Luxury destroys empires: Rome defeated Carthage, acquired cheap slaves, and luxury set in—luxury divorces you from reality and responsibility, leads to frivolous perverse activities to stave off the boredom; perhaps in this enervated state foreign tribes take advantage, exploit the corruption and lassitude. Hence luxury destroys freedom—the ancients knew it, the Founding Fathers knew it. Which society today is the most luxurious? The United States. Which society the least free? The United States.
It is as with the saying about debt: when your debt is large enough, you become a problem to your creditor—he depends on you more than you on him; conversely, when you live in luxury you become owned by your own wealth. America was always a rich society, even in her infancy—so long as you were prepared to work you could live very well. Americans have only known relative poverty; and, by the time the frontier closed, America had become the most advanced industrial society on the planet—more abundance than you could ever imagine. Of course, that didn’t stop ructions from the left: humans compete for status, not money, and there is always status to be redistributed—we could start with fewer white actors in Hollywood, perhaps…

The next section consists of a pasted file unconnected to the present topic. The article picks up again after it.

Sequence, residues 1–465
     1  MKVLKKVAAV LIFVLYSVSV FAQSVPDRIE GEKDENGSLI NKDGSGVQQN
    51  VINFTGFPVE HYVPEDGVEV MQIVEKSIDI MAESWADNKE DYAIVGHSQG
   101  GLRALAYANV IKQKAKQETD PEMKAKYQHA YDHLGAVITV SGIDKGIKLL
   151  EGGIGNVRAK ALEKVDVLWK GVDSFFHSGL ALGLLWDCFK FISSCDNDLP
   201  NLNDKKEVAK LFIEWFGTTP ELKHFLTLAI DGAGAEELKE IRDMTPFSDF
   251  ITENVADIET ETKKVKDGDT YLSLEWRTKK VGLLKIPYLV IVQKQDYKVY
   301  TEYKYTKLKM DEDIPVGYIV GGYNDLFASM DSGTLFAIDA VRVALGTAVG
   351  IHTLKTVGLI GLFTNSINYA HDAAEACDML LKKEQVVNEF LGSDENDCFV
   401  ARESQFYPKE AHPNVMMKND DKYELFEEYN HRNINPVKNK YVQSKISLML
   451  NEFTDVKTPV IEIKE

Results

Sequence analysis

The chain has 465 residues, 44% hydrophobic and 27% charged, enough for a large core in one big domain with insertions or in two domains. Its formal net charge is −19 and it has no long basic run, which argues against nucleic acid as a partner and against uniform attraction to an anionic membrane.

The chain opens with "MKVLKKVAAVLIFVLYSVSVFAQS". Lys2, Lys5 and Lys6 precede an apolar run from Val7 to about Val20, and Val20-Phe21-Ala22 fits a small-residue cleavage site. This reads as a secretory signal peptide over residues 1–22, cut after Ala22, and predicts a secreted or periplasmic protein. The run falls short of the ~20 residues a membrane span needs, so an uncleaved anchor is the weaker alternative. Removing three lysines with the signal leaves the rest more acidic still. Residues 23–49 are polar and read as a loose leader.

Yet, at a certain point, luxury owns you. This is why Westerners enjoy novels like The Road (2006) and dream about the apocalypse—the apocalypse offers a vision of freedom, harsh yet free. Despite political rhetoric, freedom and prosperity do not go together—a higher GDP does not beget freedom. You are owned. Which society is most free? Afghanistan. Tough, hardy tribesmen loyal to their religion and with their own honour code. Poor by any standard—yet proud and free. Another fantasy: the Fremen from Dune—the free-men, the desert men. The desert warriors have their freedom and religion, beyond the empire: spice for commerce versus spice for ceremony. Why not come with me now? Come now—I only need twelve—and step outside, step back to freedom.